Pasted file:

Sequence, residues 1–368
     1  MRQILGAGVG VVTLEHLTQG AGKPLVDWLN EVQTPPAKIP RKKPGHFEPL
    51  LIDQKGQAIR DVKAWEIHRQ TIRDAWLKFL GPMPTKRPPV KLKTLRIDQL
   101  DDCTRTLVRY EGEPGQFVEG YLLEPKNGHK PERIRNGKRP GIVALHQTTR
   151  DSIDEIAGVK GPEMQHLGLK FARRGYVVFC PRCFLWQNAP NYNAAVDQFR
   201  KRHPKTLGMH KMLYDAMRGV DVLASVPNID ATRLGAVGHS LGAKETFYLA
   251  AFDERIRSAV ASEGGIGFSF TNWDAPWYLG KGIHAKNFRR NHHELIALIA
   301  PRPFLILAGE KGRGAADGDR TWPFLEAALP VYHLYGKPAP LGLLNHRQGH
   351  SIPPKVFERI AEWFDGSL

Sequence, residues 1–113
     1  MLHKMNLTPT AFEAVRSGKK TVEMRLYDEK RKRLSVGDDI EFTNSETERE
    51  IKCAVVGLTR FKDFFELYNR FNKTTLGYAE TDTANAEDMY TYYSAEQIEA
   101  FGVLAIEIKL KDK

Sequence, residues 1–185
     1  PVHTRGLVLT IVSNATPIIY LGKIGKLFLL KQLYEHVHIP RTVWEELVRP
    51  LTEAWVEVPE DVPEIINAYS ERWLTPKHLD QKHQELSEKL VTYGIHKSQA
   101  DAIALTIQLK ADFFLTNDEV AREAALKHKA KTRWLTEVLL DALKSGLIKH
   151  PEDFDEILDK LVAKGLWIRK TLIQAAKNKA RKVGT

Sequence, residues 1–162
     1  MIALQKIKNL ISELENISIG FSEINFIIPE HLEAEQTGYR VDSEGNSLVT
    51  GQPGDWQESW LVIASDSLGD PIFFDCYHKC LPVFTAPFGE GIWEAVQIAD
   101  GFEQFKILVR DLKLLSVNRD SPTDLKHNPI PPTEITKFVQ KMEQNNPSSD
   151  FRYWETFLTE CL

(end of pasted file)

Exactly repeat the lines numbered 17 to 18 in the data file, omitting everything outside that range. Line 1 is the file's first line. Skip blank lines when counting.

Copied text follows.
   101  DAIALTIQLK ADFFLTNDEV AREAALKHKA KTRWLTEVLL DALKSGLIKH
   151  PEDFDEILDK LVAKGLWIRK TLIQAAKNKA RKVGT